1. Refine your value proposition and pitch like a pro
So, what exactly is a value proposition? Put simply, it’s how your idea creates value for customers and investors.
Your value proposition needs to be clear, tangible and memorable – can someone understand it in 5 seconds?
Some common mistakes people make:
– Rushing into execution: Don’t get too caught up with marketing, the team or the execution of your business/idea before thinking about the basics.
– Losing sight of your audience: Ask yourself; What are they after? Why would they want your product? What’s going to get them excited and consider you over anyone else?
– Delaying the tough questions: Don’t gloss over these! Start thinking about the worst-case situation immediately, so you can address the tough questions early on.
Think about your business, idea or pitch. Now write down your value proposition, based on the tips from above.
Stephen’s example for Woo:
‘Media brand and e-commerce redefining wellness through youth culture. Turning Gen Anxious to Gen Zen’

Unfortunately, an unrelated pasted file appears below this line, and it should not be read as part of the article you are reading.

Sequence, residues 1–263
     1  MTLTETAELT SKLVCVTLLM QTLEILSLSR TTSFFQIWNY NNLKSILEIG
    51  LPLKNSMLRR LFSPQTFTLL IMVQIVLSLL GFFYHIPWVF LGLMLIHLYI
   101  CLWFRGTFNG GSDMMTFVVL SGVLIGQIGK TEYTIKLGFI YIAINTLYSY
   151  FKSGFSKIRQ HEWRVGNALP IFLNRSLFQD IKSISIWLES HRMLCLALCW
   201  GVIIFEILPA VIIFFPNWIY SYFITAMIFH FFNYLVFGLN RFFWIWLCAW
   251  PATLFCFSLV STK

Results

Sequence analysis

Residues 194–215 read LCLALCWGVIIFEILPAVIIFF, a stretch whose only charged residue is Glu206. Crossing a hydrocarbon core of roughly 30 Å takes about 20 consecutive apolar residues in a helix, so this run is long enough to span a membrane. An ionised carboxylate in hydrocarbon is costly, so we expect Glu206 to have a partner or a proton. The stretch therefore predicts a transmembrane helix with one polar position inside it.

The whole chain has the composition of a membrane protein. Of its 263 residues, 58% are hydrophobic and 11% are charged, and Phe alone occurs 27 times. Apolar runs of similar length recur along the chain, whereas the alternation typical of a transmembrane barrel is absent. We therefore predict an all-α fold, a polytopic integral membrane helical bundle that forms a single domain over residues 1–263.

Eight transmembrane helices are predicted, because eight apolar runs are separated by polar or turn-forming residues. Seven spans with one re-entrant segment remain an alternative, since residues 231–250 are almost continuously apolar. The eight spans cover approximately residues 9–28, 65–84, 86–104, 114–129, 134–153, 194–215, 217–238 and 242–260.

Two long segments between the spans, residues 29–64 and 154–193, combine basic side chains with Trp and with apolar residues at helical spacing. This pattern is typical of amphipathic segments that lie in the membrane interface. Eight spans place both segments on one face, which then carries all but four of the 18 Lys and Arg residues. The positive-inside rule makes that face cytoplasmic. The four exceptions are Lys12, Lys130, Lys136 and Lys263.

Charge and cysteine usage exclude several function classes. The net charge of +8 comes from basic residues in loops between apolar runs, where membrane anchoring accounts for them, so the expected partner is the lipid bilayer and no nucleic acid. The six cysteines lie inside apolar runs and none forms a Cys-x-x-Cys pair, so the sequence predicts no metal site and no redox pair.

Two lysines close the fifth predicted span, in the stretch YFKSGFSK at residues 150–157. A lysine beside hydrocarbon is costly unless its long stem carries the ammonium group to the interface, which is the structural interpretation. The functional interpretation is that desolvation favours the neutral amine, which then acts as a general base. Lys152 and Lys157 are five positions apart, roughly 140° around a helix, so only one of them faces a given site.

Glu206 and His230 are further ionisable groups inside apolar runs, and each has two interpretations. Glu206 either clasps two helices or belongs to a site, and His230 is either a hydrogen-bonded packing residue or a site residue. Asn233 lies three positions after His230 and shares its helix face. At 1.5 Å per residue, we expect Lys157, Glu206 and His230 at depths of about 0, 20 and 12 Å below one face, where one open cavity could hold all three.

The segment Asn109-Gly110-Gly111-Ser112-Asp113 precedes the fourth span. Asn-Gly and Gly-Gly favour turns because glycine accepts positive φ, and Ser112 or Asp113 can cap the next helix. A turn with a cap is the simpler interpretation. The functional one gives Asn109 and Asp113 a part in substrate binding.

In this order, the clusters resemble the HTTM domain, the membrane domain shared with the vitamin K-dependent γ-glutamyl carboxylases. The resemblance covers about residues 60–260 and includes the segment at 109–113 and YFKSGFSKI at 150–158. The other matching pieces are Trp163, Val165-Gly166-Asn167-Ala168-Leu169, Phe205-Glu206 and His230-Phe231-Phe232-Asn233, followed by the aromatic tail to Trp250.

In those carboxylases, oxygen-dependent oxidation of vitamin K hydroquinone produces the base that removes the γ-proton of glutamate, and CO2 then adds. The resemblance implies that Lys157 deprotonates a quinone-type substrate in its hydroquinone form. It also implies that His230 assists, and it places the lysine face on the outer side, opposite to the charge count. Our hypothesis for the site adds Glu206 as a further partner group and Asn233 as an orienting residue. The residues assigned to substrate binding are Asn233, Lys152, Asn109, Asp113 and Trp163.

2. How to stand out from the competition and win over clients, customers, investors and the media
– Be subversive: What can you say and do that makes you stand out as a disruptor and leader?
– Invest in design: Good design makes your product feel tangible and helps an investor or client connect with your proposition emotionally.
– The ridiculous stat: Back up everything you say with stats and insight to support your talking points (and have them memorised!).
What’s something subversive about your idea, industry or pitch? Write down a stat or anecdote to back it up.
– Subversive fact: Long-form video is a great way to build brand equity with Gen Z.
– Reason why it’s true: Gen Z stream tv shows 3+ hours a day, building a culture of binge-watching long-form.
3. Asses the risk and prepare for the worst. Position your business for success
This is where you prepare for the worst and come up with answers to the questions you don’t want to think about!
Some things to think about:
– What are all the uncomfortable questions that the people you’re pitching to might ask?
– What makes your business not work?
– What claims have you made that can’t be validated and haven’t been done?
Calming your nerves and confidence is half the battle – they’re subconscious triggers that make people comfortable and that you know what you’re talking about.
– Over-prepare: Write down all the tough questions that you think you’ll be asked. Then, write down the answers and memorise them.
– Don’t underestimate wellness practices: Meditate to clear your mind or try sound healing and frequencies – they’ll help calm your nerves.
– Practice practice practice: Record yourself practising your pitch and listen to it – this will help you feel confident. It’s true what they say, practice makes perfect.